Five years after Mass Effect 3 “finished the fight” Bioware is finally back with a new tale to tell in their celebrated Sci-Fi universe. The game casts you as Ryder, the son or daughter (your choice) of the “Pathfinder” – a leader to the human component of a 600 year long expedition to the Andromeda galaxy in search of a new home. The game begins with you being woken up from your sleep as your ship, the Hyperion, finally arrives at its destination. However as it approaches the planet it becomes clear that something serious has happened during the years that your ship’s crew were under. An anomaly called The Scourge has had a devastating impact on your destination and it’s up to your father’s team to investigate.
In the chronology of the franchise, the Hyperion left the Milky Way during the events of Mass Effect 2 so the outcome of the final game are not reflected here at all. As a result it conveniently sidesteps a major issue – Mass Effect 3‘s controversial endings and Bioware having to choose one as canon for a sequel. There’s no red, blue or green options hovering over us here.
However the benefit with this option is that it has allowed Bioware to retain much of the original game’s flavour minus any of the baggage that some fans had perceived as ruining it. It might be considered a little bit of a cheat but it does give Andromeda an opportunity to reset a part of the series and also stand on its own feet. The opening of the game is a little slow as you run through the tutorial tasks (probably doesn’t help that this area is also a bit bland) but it is made up for by your first planetside visit which opens quite spectacularly. So far with my time in the game that early moment might still rank as a highlight that truly shows what a next generation Mass Effect is capable of. It’s incredibly impressive.
After getting through the trials and tribulations of this first planet you’ll get a feel for what to expect in the rest of the game which is a third person shooter with heavy RPG elements. It’s a trend the games have moved towards over the years and this one feels even more focused on that result. Thankfully it’s not a linear experience as the game soon begins to open up more by giving you a ship and the ability to recruit additional companions and travelling to destinations in mostly your own time and choosing. Your new ship, the Tempest, has echoes of the Normandy in its design but is a lot more spacious (best. bedroom. ever!). A nice touch is how your views from the bridge and captain’s quarters reflect your location – there’s some spectacular views out there during your travels.
The core game seems to be broken up into four game mechanics that you’ll use often: Conversation, Combat, Collecting and Sudoku. And no, I’m not making the last one up. The conversation system bear some resemblences to past games but this time make uses of visual indicators to help players be more understanding of the direction their dialogue choices may take them. There’s no Paragon or Renegade paths this time around which may be missed and might have opened up additional options for players. There appears to be no real side effects I’ve seen so far from making any choices which might imply that the game may not follow tradition and have a direct sequel.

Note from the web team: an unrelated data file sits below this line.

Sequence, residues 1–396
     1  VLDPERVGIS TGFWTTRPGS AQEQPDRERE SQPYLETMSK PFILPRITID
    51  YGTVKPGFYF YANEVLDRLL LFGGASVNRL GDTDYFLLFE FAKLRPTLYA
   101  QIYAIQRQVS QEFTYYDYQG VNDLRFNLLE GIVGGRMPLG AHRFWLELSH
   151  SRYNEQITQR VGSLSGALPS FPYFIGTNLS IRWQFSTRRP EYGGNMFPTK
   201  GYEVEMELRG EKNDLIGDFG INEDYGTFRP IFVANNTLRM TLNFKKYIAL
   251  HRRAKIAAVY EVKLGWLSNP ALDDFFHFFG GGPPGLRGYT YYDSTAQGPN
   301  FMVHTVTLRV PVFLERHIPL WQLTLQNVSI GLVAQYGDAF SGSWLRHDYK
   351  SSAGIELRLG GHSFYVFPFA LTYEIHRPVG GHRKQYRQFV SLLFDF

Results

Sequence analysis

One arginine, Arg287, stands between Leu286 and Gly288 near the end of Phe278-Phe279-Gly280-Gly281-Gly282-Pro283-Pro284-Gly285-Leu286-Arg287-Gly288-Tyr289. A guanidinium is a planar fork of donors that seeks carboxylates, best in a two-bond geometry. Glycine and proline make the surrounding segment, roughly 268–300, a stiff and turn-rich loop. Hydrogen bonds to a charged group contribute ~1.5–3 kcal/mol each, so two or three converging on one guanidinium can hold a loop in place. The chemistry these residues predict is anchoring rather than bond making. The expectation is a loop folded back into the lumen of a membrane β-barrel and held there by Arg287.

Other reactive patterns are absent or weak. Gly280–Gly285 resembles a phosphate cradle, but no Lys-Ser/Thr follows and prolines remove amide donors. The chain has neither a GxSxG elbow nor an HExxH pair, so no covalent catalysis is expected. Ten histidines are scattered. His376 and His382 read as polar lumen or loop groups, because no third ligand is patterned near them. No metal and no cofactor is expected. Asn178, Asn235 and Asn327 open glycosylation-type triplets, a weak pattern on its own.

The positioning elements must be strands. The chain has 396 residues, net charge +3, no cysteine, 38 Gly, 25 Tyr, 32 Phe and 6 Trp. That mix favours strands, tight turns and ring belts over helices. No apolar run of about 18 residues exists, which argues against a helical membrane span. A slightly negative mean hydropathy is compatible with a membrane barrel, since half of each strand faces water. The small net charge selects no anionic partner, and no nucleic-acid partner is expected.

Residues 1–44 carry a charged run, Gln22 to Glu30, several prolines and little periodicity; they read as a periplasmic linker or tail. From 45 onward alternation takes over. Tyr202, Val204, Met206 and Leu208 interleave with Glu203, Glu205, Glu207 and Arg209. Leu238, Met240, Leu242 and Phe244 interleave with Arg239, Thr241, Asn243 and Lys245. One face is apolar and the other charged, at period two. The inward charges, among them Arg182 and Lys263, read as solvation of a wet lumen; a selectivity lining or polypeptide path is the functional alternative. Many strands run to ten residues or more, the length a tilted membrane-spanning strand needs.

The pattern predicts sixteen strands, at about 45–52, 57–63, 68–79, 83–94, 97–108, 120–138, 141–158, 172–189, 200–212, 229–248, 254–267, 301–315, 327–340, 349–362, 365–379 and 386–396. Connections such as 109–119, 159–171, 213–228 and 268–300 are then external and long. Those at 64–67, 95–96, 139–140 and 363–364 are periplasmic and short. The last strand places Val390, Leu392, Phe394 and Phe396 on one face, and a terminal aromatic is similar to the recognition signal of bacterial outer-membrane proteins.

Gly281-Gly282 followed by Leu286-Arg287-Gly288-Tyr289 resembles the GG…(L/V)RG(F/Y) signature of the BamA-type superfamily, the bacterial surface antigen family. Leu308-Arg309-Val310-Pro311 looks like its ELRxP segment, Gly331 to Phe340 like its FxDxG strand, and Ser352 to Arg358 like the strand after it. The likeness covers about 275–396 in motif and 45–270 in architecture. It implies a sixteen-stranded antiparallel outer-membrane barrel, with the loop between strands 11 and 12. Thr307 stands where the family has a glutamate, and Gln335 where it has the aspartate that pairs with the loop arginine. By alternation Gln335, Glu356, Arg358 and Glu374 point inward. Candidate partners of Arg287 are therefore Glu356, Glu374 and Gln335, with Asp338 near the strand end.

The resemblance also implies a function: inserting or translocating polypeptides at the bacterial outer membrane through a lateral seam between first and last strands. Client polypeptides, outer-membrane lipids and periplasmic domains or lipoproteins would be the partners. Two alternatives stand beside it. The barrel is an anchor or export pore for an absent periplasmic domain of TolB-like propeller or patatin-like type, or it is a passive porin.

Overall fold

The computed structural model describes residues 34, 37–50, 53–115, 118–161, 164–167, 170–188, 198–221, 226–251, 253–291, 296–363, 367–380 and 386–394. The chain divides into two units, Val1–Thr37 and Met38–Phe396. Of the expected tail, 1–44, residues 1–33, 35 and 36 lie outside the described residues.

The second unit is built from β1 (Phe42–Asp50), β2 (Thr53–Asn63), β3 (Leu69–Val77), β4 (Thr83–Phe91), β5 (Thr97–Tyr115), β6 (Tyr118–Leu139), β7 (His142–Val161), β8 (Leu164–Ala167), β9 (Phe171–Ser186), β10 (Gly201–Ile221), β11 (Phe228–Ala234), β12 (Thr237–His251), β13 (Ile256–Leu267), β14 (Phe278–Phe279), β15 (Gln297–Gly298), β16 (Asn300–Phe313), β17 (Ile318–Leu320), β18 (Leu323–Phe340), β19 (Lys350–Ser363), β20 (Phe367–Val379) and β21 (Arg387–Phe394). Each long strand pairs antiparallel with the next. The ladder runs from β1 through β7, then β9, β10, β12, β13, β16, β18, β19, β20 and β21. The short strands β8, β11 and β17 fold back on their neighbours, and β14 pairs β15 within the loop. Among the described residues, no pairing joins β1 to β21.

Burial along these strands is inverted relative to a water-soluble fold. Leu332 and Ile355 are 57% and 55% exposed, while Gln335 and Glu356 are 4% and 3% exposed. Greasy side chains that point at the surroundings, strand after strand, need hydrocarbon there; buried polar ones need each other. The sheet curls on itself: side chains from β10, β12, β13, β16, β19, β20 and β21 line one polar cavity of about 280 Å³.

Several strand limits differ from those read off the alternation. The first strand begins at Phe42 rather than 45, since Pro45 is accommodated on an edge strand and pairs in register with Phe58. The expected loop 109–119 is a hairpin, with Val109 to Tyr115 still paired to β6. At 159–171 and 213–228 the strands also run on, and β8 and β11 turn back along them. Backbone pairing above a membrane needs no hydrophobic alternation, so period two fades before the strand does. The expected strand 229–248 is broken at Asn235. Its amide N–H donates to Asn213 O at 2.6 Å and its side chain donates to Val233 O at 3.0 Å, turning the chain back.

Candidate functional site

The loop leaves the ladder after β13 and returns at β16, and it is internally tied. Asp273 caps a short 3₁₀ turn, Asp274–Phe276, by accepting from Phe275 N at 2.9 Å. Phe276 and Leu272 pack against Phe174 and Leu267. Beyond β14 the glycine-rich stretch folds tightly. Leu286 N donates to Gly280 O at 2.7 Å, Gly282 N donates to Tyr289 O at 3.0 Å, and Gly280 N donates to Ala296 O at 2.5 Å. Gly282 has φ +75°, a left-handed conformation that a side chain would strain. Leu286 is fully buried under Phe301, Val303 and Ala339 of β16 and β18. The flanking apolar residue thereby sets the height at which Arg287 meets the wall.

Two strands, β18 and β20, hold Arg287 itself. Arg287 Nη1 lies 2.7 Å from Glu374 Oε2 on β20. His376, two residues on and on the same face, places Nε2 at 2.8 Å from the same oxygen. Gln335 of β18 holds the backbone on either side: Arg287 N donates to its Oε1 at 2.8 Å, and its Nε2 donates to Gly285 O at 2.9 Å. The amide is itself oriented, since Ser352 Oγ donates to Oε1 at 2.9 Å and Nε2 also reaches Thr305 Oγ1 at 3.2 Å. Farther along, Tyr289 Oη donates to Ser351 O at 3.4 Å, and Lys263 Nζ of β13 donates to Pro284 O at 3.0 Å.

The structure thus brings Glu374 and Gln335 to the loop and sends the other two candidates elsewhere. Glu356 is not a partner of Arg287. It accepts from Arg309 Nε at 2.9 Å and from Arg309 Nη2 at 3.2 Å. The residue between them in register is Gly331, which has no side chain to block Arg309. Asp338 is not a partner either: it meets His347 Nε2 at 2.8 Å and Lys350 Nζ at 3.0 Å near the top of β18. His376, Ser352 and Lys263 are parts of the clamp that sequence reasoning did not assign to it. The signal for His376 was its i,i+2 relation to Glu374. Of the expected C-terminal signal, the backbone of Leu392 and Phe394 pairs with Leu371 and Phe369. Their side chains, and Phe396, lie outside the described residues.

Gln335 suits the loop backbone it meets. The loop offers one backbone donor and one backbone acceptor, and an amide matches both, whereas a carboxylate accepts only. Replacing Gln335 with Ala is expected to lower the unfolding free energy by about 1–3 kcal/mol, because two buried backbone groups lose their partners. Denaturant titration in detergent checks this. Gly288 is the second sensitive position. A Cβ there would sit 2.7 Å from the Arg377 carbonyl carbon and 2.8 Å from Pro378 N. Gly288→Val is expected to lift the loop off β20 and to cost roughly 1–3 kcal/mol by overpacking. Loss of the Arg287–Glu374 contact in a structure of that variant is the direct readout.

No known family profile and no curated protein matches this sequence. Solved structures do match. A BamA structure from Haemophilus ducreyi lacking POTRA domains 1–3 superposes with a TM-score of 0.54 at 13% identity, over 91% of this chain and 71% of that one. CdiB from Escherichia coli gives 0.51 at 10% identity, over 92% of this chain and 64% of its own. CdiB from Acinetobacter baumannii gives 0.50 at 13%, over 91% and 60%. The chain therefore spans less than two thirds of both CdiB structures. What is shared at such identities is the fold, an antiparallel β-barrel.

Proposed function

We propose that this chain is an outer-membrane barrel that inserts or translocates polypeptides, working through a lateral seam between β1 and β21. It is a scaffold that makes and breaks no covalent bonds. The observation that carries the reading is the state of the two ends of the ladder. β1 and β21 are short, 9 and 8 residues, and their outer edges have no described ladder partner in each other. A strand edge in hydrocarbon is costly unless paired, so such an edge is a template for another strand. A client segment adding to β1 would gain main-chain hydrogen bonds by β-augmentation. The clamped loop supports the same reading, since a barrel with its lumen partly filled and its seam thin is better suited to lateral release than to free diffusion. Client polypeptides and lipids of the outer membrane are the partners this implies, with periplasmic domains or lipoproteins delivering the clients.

The quality of Mass Effect Andromeda‘s conversation cutscenes can be some of the best I’ve seen so far in the series but they also come crashing down when you see how characters animate or the poor choice of camera angles. During one chat with Cora I thought I may have jumped back in time to a Thunderbirds episode where Lady Penelope had decided it was time to get a really neat hair cut. Aliens get a bit of a pass card here but the human faces can look a little wrong with odd lighting, bad lip syncing and weird expressions. No need to worry about the uncanny valley… they smashed into a mountain well before arriving there. It’s worth noting though a post release update to the game has helped to remedy the situation a little but there’s still more room for improvement.
Relationships with your comrades continues to be a key part of Mass Effect Andromeda. Much like Shepherd in the ME trilogy and the incomparable Captain James T. Kirk, the galaxy’s denizens exist not only to shoot at but to hook up with too. Considering the kinds of shenanigans that your character can get up to with others characters it really seems like it is “Ryder by name, Ryder by nature”. You still have to put in a bit of work in the conversations to make it all happen but the new system is handy if you want to keep in the “friend zone”. I think it still need to spend more time getting to know them all but in the beginning it’s hard to compare them to characters such as Garrus, Liara or Tali.
When you’re not talking to aliens, odds are likely you are shooting at them and during those times Andromeda plays like a third person shooter. It’s functional but certainly not near the quality of a Gears of War. Sometimes it can be an exercise in frustration as despite the movement options you have available (boosted jumps and dodges) your character doesn’t always feel like the nimblest of persons. Being a “shoot first, use biotics later” kind of player it didn’t always work out well for me. Make a wrong turn in a firefight and your attempts at finding cover may fail more than you want. The intelligent cover system is not bad and supports blind firing which can give you the moments you need to restore your shields. It’s worth noting though that ME2 and ME3 weren’t great at this either so it’s by no means worse, just not any large strides better.